Hard to believe it took 78 years for someone to make a feature-length Batman documentary, but Hulu’s tribute to the Dark Knight’s original creator was worth the wait. The film follows Marc Tyler Nobleman (author of Bill the Boy Wonder: The Secret Co-creator of Batman) and his quest to track down the full story of Bill Finger, the original Batman writer who never received the credit he deserved. Along the way, we’re treated to interviews with many classic comic-book giants who reflect on their knowledge of Bill and the integral role he had in shaping one of fiction’s most iconic heroes. It’s a compelling and entertaining story (with sound messages about corporate oversight and creative control), and builds to an inspiring finale.
6. Batman Begins (2005)
The opening chapter of Christopher Nolan’s widely acclaimed trilogy set a new bar for superhero films upon its premiere – as many other comic-book franchises were floundering in direction and tone, Nolan produced a dark and psychologically complex depiction of Batman that smartly put the greater focus on Bruce Wayne, and the emotional toll of trying to salvage a seemingly unsalvageable city. These themes would be developed to even sharper effect in Nolan’s second film (before disappointingly dulling in the third), but it was here that the Batman of the 21st century truly began.
5. Batman: Mask of the Phantasm (1993)
Batman: The Animated Series remains a landmark of animation, and one of the best TV shows (animated or otherwise) of the 1990s. And Mask of the Phantasm proved that its talents were not limited to the small screen. An effective, at times noir-tinged mystery that recalls the early tales of the 1940s, with a terrific script and above-average action sequences. Relatively standard animation can’t diminish the vivid characters, shining through in both Bruce Wayne’s gritty present-day scenes and romanticized flashbacks.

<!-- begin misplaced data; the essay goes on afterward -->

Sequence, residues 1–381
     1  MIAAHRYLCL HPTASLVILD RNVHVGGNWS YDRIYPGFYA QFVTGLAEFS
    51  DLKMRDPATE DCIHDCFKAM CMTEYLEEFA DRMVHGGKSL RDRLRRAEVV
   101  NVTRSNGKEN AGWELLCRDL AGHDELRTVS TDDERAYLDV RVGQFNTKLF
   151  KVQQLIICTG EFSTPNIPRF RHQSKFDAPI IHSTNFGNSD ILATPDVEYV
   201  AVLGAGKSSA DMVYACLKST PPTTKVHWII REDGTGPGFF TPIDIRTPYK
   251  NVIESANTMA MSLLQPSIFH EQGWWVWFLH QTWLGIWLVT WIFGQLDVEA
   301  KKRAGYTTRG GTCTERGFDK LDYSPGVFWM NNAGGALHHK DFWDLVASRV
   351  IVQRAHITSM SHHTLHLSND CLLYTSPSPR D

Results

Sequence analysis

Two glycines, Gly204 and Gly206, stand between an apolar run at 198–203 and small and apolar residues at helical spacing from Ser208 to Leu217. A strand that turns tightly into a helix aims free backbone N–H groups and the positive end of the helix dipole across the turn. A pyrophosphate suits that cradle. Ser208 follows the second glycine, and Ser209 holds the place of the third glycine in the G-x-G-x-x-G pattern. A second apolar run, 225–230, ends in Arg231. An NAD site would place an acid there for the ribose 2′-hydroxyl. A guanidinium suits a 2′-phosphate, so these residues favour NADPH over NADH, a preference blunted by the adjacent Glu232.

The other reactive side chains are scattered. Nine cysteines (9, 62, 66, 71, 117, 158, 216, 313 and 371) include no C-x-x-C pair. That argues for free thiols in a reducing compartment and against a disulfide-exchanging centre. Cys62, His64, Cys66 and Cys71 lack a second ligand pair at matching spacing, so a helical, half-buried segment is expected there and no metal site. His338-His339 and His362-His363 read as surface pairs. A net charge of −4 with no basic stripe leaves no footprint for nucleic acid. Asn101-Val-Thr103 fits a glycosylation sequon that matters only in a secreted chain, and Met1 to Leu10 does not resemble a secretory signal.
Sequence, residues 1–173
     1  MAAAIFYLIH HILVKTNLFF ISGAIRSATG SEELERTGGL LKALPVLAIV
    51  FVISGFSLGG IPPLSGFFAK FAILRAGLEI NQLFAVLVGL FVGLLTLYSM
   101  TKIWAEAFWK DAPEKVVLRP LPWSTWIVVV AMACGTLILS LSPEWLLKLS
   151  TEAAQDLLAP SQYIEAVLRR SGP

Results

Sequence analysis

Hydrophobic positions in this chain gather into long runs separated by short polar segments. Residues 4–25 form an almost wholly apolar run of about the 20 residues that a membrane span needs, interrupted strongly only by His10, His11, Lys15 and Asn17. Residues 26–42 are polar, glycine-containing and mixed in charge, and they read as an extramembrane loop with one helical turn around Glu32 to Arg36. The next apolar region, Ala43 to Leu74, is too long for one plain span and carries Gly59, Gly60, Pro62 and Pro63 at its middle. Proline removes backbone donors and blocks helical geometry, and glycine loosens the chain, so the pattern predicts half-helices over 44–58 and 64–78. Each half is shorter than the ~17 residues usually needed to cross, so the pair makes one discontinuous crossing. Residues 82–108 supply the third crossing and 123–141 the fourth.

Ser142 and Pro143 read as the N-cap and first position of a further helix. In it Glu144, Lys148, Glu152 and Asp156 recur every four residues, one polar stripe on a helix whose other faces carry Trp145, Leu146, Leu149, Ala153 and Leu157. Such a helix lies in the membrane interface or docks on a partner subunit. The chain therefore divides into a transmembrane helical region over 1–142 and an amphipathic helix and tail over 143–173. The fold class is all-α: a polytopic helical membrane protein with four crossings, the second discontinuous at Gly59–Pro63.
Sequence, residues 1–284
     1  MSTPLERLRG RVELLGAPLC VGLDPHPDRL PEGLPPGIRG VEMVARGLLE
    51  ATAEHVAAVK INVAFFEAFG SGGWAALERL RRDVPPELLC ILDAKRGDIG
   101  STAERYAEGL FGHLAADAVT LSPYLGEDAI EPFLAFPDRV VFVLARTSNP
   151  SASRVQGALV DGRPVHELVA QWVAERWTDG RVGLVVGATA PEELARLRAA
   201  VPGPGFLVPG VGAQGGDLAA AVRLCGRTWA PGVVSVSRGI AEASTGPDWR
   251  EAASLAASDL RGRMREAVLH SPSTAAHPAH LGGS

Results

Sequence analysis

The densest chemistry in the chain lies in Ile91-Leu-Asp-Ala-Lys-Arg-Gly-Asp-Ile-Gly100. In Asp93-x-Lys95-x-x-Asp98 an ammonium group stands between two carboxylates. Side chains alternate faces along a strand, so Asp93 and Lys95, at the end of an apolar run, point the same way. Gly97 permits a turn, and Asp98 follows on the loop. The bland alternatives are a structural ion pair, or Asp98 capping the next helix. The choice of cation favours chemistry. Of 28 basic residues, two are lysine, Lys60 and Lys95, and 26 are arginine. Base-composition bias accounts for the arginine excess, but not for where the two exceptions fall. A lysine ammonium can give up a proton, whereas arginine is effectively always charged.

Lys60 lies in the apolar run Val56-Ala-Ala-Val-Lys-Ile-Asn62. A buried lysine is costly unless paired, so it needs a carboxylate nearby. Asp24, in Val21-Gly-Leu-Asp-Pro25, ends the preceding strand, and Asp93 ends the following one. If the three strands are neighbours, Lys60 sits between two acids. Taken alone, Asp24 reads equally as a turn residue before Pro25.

4. Batman (1989)
There are aspects of Tim Burton’s first Bat-movie that don’t hold up – the production design is heavily ‘80s-influenced, and Keaton’s Batman no longer feels quite so definitive. But every other film on this list owes a debt to this one, which finally dispelled the 20-year picture of Batman as a figure of campy pop kitsch, and took the art of comic-book filmmaking to a level not then seen outside of Donner’s first Superman. And even if few would still consider him the best actor to wear the Joker’s ghastly smile, Jack Nicholson completely steals the show.
3. The Lego Batman Movie (2017)
Will Arnett’s Batman was one of the highlights of the first Lego Movie, his character a tongue-in-cheek twist that gleefully lampooned the Dark Knight’s grim cinematic persona. Any skepticism that the character could sustain his own feature film was quickly dispelled in this follow-up, which cranked up the hilarity and provided humorous riffs on Robin, the Joker, and nearly every other character in the Bat’s long and stories history. And the film never met a sly reference it didn’t like, teasing everything from the Colombia serials to the Adam West show to the Nolan trilogy. Longtime Bat-fans will probably laugh even harder than the young audience the film was marketed for.
2. Batman Beyond: Return of the Joker (2000)
The DCAU features some of the finest Batman stories ever written, and Return of the Joker may be its peak. A tense, riveting, complex look at the nature of the Bat and his arch-foe – spanning multiple generations and harmonizing the best aspects of two great TV series – the film pushes its characters into darker and more disturbing corners than ever, without ever losing sight of what made them so likable to begin with. The film exemplifies the greatest plight of Bruce Wayne – his commitment to save his city comes at the cost of hurting and/or losing those who assist him – and highlight how, decades later, the damage of his work has never truly faded. At the same time, the film highlights the heroism that comes with donning the cowl, be it of Bruce, Terry McGinnis, or any of the other men and women who have assisted Batman in his endless struggle against the undying forces of evil.
This is merely the thematic foundation of the film. The true thrills of this movie come by way of the cutting dialogue, the orchestral action sequences, and the crisp and evocative animation. A stunning achievement.
1. The Dark Knight (2008)
The Dark Knight is the standard by which every other superhero film is measured. (“Yeah, that Avengers movie was good… but was it Dark Knight good?”) And it’s not difficult to understand why. Terrifically scripted, thrillingly directed, with superlative staging and cinematography, the film blessed the comic-book genre with a respect unseen before or since. It presents a grim view of both Gotham City and the world, but even at its bleakest, the film’s messages of hope and salvation shine through. And is there anything left to say about Heath Ledger’s performance? A fascinating film, no matter how many times we revisit it, and the best Batman film ever.